has never been easier. Of course, publishers/developers like Paradox
Interactive are now partnering with streaming sites like Twitch to make it
so that all you have to do is push a button to broadcast your game. But it’ll
be awhile before every game you play will have this feature, so in the
meantime, how do you go about setting up your very own stream? It’s easy, but
you need the right tools and a platform. For the purposes of this guide, we decided to go with Twitch, a site that was branched off of Justin.tv and designed specifically for eSports and live video game streaming.
(optional, but highly recommended)
The type of
game you want to stream will determine what kind of PC you’ll need. You do need
a decent CPU to host a good quality stream. An i5 will likely help, but you can also get
away with an i3. Again, that depends if you’re hosting 4v4 matches of Starcraft
II or streaming old school adventure games…that are text based. You’ll want a
minimum of 4GB of RAM.
internet, you’ll want to check with your provider to see what they have. Upload speeds of 3-5 mb/s would be fantastic, but you can also get away with 1-2 mb if you adjust
your settings in Xsplit. It won’t be the highest quality stream, but it’s still
will make the experience more personal. After talking to Marcus “djWHEAT”
Graham, a popular streamer in the Starcraft II community and an outreach
manager at Twitch, he highly recommended installing a webcam if you want to
build an engaged audience.
would rather watch a human element behind it, than just watch gameplay,” he
says. “[The webcam is] a wildly popular addition to most everyone’s stream. You
have this intimacy with the broadcaster because they put the webcam there.”
How to do
Xsplit is one
of the easiest programs to use and set up. The free version has lower audio quality,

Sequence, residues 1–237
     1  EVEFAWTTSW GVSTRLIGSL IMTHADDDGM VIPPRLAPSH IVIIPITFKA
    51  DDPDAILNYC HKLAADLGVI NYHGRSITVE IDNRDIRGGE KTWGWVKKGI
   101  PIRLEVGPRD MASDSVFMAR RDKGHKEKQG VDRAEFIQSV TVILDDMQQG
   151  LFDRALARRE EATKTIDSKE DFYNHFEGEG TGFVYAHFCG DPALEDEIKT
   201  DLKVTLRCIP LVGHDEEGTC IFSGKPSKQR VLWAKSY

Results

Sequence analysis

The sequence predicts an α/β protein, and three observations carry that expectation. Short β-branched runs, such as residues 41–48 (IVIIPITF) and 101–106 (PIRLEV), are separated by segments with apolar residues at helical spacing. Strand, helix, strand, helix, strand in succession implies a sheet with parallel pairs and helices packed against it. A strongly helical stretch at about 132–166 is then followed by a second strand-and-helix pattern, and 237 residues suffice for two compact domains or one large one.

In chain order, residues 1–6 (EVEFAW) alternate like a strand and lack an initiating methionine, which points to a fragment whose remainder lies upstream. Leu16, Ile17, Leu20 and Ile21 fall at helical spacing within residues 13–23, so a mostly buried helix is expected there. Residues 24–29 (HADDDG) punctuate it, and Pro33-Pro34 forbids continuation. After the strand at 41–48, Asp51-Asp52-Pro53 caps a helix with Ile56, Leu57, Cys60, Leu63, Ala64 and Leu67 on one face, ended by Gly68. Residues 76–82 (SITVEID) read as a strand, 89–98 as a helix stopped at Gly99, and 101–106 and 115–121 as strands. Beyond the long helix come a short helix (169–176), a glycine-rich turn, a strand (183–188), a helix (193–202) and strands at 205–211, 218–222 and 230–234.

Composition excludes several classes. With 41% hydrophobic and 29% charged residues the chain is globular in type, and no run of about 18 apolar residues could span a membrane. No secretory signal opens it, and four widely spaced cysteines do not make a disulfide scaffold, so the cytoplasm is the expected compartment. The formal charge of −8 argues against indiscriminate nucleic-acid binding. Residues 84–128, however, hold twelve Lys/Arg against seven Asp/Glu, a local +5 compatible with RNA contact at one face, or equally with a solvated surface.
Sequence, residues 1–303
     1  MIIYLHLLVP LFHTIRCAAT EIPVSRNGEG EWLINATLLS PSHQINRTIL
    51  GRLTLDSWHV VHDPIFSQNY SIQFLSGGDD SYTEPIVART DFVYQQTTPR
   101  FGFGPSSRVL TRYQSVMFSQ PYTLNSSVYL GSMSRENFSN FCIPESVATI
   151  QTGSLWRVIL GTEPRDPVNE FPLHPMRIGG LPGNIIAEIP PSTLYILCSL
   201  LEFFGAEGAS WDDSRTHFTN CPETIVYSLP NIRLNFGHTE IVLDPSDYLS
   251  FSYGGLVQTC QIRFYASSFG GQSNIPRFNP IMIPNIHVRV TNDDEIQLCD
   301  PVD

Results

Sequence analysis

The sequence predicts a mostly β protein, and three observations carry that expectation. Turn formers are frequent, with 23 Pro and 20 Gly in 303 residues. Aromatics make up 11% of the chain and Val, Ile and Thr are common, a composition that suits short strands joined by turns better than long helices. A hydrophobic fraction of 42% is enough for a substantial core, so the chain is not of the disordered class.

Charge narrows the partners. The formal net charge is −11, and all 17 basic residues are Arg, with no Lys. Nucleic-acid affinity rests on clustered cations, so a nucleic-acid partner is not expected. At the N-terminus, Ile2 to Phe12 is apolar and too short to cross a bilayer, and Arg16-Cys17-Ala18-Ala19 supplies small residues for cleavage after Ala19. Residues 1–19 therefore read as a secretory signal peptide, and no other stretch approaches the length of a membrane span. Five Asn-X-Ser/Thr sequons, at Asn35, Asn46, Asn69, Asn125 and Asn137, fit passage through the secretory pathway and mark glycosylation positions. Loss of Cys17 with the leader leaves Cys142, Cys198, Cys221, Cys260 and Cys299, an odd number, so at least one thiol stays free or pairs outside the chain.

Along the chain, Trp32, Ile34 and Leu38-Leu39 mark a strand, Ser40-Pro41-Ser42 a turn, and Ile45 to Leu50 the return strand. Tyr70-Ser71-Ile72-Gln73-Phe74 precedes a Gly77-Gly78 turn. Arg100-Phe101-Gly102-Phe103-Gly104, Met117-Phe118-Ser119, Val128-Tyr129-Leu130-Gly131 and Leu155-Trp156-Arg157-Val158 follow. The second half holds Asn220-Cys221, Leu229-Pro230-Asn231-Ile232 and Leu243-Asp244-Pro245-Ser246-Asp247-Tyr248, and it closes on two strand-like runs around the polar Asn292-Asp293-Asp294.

but will do the job if you’re just getting started. (If you’re going to be making
money off your streams at some point, you would need to purchase a license for higher audio quality.) The program
allows you to tweak your settings to set up the best stream possible, and has a
convenient option for you to notify your social networks that you’re ready to
How to be
good at it:
hard part. Anyone with the right equipment can stream, but in order to gain a
following or stream something that's worth watching, you need to do more than
just play. We asked djWHEAT, a world-famous StarCraft II personality who currently hosts multiple shows and has been
doing this professionally for years, what kind of advice he would give to beginners. Here’s a summary of what he came up with:
networking – You have to start somewhere, so tap into your social network.
Twitter, Facebook, and even the Twitch site itself allow you to branch out and connect
with people. Reach out to communities, and go to different web sites, especially those concerning your games of choice. It takes
a lot of legwork, and the hardest threshold to break is your first 100 viewers.
Being a good
player - Not sucking at your game certainly helps, and if you’re funny and interesting, people will want to watch.
Bring a guest on from time to time and engage the audience. Ask them to be a part
of your stream by telling you where to go or what to do.
– Consistency is key. It will get you viewers regardless of how long your
stream is. It’s much easier to follow someone who has a set time on when he or
she will go live. Label your stream correctly so people know what they’re about
Don’t be AFK
– Just think of what you’d want to watch. No one wants to watch a stream when
no one is there. Don’t go live until you’re ready.
Here are the basics to get you started. Do you want a more comprehensive step-by-step guide? Let us know in the comments. If you're a streamer already and have other suggestions on how to get better, share below! GLHF! Many thanks to djWHEAT for his advice!